Your local hospital may have details on their website or you can check the the Royal College of Surgeon’s Find a Surgeon page. Alternatively, a doctor’s registration details online using the General Medical Council’s List of Registered Medical Practitioners. You can contact the GMC by telephone 0161 923 6602 or visit the GMC website.
How do I find an experienced surgeon?
It is important that your operation is carried out by a highly skilled surgeon. Do not hesitate to ask about your surgeon’s experience, the number of operations they perform and their complication rate. You can find out more about your surgeon here
This information is collected by the British Association of Endocrine and Thyroid Surgeons (BAETS) and is updated annually.
This leaflet from BAETS explains what information is collected for the audit. https://www.baets.org.uk/wp-content/uploads/Patient-Information-Leaflet-%E2%80%93-UKRETS.pdf
You can search by name, hospital or postcode for information about the outcomes of endocrine and thyroid surgeons on the British Association of Endocrine and Thyroid Surgeons (BAETS) Surgical Outcomes website page. This gives further data about an individual surgeon’s practice, number of operations and late hypocalcaemia rates ie the percentage of patients still requiring calcium or vitamin D supplements 6 months after total thyroidectomy.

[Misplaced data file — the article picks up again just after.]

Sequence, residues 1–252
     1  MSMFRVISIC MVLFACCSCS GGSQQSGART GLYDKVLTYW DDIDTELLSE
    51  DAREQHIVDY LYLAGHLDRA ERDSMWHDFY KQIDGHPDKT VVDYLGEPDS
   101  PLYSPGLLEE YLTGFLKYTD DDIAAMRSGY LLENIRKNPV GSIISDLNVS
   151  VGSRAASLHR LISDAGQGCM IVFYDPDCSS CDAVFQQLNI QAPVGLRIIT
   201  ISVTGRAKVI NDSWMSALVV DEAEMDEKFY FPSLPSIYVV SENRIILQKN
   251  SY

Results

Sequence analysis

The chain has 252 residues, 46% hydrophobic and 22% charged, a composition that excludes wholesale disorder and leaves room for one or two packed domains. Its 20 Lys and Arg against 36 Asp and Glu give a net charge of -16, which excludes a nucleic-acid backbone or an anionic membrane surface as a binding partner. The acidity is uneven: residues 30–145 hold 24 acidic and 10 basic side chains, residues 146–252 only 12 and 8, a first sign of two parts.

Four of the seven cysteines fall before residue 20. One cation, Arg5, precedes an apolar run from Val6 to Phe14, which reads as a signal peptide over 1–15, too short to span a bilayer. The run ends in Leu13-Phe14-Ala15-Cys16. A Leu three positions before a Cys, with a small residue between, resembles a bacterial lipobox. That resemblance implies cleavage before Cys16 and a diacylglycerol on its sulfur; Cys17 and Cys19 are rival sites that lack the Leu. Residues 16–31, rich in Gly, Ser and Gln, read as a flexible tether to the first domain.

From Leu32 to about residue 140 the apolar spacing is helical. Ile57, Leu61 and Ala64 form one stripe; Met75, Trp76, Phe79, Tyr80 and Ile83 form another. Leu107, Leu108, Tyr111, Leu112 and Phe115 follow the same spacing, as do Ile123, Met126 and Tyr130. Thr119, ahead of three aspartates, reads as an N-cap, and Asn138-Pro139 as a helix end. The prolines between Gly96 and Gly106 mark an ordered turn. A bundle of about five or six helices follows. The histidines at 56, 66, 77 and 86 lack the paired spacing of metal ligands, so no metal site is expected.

An experienced surgeon should be doing about 50 thyroid/parathyroid operations a year.
The individual results of around 5,000 consultant surgeons have been published for the last 2 years by the NHS and are available on the MyNHS website
What if I have a complaint?
The General Medical Council provides guidance on what to expect from your doctor and a guide for patients on who to complain to. The Royal College of Surgeons provide ‘Good Surgical Practice’ guidelines and their own advice on making a complaint.
Always talk to the doctor concerned first in case the matter can be resolved informally. Most complaints about doctors can be settled locally, and quickly, by the doctor’s employers. The NHS hospital, GP practice, private hospital or clinic where you received care have their own complaints procedures. The NHS complaints precedure is explained here
Most hospitals have a Patient Advice and Liaison Service (PALS). They offer confidential advice, support and information on health-related matters to patients, their families and their carers. Find your local PALS office.
Where can I get more support?
Parathyroid UK has a telephone helpline and facebook groups where you can talk to someone about your operation.